Kids Smart ads are not so smart
Adjunct Associate Professor Ken Harvey
First published on The Conversation on 30 October 2012.
Pharmacare Laboratories is facing a new complaint about its Kids Smart homeopathic medicines amid concerns parents who use the products may delay seeking medical treatment.
The complaint – lodged by a group of oranisations including CHOICE to the Australian Competition and Consumer Commission (ACCC) – alleges promotion of the Kids Smart products implies they are effective in ways that have not been established.
Complainants also claim that the promotion of homeopathic “Kids Smart Calm” for “restlessness, anxiety, irritability and agitation” is inappropriate and dangerous as these symptoms can signify potentially serious childhood infectious diseases such as bacterial meningitis that require medical attention.
Promoting homeopathic “Kids Cold and Flu” and “Kid Pain & Fever” remedies as “effective” against “fever, sore throat and body aches and pain” is also likely to deny children genuinely effective medication such as paracetamol, which can relieve these symptoms. The same holds for the homeopathic “Hayfever” remedy.
Over the past three years, Pharmacare Laboratories have had a least 16 complaints upheld by the Therapeutic Goods Administration’s Complaints Resolution Panel (CRP), including a number of recommendations to the delegate of the secretary for non-compliance with CRP requests. Indeed, this company appears to treat the regulatory system with contempt.
In addition to CHOICE, the complaint is endorsed by the Consumers Health Forum, Friends of Science in Medicine, the Doctors Reform Society, the Australian Skeptics and Healthy Skepticism.
The complaint notes that in determination 2011/10/027, the CRP requested Pharmacare Laboratories to publish a retraction and withdraw representations made about claims for its Kids Smart range of homeopathic medicines because it breached a number of provisions of the Therapeutic Goods Advertising Code.
Other upheld complaints about the Kids Smart product range include 2011/10/011, 2011/10/011, 2011/09/043 and 2011/09/044. Pharmacare Laboratories has declined to comply with any of these determinations. And it continues to make the same claims on its website promoting these products.
Pharmacare Laboratories’ behaviour shows the impotence of the CRP (which has no power to enforce their determinations) and also the TGA (which has never taken a company to court for non-compliance with its Regulation 9 advertising orders).
It also highlights the importance of the TGA addressing recommendation 2c of the recent advertising consultation, “Develop a more effective approach to sanctions and penalties (including use of the infringement notice provisions)“, which currently appears to have no timeline.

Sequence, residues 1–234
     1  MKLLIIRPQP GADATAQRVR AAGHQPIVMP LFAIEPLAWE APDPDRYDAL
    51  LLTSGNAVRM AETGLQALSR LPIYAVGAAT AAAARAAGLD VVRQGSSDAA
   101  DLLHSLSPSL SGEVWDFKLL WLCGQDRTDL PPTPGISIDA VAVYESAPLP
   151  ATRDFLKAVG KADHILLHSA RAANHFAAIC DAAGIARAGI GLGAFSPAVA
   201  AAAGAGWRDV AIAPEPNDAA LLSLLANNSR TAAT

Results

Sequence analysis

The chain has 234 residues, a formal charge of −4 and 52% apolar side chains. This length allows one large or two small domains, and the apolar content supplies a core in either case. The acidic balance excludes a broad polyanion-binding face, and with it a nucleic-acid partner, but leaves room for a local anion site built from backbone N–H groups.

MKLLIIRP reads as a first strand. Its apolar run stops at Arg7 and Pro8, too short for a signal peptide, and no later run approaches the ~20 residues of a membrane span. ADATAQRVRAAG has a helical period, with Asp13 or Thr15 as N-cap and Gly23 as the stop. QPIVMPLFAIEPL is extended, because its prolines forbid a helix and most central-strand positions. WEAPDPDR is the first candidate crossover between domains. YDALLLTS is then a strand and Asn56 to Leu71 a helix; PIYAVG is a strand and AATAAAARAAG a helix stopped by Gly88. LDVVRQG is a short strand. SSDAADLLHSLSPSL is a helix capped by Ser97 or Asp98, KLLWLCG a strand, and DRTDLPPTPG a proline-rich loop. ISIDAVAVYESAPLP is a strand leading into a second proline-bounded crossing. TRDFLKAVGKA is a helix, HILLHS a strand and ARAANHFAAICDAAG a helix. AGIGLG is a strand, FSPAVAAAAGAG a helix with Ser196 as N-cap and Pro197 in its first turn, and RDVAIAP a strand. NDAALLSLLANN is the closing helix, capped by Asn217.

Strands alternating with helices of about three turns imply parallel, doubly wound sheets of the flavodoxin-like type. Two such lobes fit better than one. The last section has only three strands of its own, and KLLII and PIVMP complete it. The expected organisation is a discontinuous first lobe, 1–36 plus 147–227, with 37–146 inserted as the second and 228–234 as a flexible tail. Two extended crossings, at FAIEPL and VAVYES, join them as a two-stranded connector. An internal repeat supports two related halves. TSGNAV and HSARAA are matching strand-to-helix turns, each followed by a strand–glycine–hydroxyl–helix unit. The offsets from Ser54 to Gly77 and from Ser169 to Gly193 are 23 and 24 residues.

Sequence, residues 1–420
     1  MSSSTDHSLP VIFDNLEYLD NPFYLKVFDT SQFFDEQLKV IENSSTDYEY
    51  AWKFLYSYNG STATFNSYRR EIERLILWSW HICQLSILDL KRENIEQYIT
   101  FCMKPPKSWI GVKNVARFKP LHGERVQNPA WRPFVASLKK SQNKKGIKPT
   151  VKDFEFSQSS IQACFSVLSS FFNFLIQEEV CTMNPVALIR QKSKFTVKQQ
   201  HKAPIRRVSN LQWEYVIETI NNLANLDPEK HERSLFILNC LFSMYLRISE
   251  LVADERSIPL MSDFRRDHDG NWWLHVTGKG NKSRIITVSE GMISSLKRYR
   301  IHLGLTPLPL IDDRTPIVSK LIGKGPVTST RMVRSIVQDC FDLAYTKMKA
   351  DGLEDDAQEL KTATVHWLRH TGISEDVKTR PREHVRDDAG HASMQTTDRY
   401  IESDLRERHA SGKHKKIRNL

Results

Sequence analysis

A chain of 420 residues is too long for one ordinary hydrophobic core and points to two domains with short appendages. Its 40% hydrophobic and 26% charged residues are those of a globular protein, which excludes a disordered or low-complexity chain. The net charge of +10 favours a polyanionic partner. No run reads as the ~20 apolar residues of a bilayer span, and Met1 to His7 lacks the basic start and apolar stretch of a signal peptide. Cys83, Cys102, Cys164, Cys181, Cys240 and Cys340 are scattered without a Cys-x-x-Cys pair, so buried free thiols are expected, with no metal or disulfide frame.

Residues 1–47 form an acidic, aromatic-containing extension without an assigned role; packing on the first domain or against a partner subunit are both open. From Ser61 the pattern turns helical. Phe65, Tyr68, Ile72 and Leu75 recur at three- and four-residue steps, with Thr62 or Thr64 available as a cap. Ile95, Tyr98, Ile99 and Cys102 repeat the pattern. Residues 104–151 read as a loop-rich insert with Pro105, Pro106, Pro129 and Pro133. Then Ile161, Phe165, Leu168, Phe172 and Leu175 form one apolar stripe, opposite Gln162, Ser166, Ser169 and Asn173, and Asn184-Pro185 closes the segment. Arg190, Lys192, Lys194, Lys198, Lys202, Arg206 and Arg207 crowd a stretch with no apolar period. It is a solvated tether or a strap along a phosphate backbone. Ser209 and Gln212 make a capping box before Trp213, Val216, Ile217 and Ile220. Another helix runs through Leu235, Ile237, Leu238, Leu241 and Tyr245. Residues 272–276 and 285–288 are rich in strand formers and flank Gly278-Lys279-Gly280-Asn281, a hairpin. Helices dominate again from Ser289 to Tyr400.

The case illustrates long-standing and fundamental flaws in the regulation of homeopathic medicines in Australia. Homeopathic preparations more dilute than a one thousandfold dilution of a mother tincture are currently exempt from the Australian Register of Therapeutic Goods (ARTG).
This means that the TGA has no power to de-list or otherwise remove the above products from the market despite their gross advertising violations.
In April 2003, the Australian Expert Committee on Complementary Medicines in the Health System recommended that, “Homeopathic medicines and related medicines making therapeutic claims be regulated to ensure they meet appropriate standards of safety, quality and efficacy.”
In 2008, the TGA conducted a consultation on the “Regulation of homeopathic and anthroposophic medicines in Australia”. It was proposed that, “all homoeopathic and anthroposophic medicines must be included in the ARTG, regardless of the final concentration of the ingredients (subject to separate exemptions which will apply to homeopathic and anthroposophic preparations supplied directly to a practitioner for extemporaneous dispensing or compounding)”.
But the issue appears to have dropped off the TGA’s agenda. Despite the concern expressed by many submissions to the TGA transparency and advertising reviews, there’s no mention of homeopathic or anthroposophic medicines in the 2011 TGA Reform document.
The listing of these medicines needs to be pursued because the TGA’s failure to act on these matters has resulted in increasing proliferation of homeopathic products being promoted to the public with claims of efficacy that aren’t substantiated by scientific research.
And the claims go far beyond the allowable statement that “This homoeopathic medicine has been traditionally used for (indication)”. Bauer’s homeopathic product line provides many more examples.
This problem isn’t limited to Australia – see “Homeopathic Insect Repellent: Is there anything the Canadian Natural Health Products Directorate won’t approve?”
Submissions by many consumers and health professionals to recent TGA consultations noted that the continued inaction on such matters meant the community has lost trust in the TGA. The TGA was asked to address these important regulatory matters without further delay.
Given the ongoing impotence of the CRP and TGA, the ACCC has now been asked to take action against Pharmacare Laboratories on the grounds that the ongoing promotion of their Kids Smart range of homeopathic medicines involves misleading and deceptive conduct and is in breach of Australian Consumer Law (Competition and Consumer Act, 2010).
And CHOICE has today awarded a “Shonky” to Pharmacare Laboratories for their “Kids Smart range of homeopathic medicines”.
Ken Harvey is Adjunct Associate Professor with the School of Public Health at La Trobe University. He was awarded CHOICE Consumer Champion for 2012.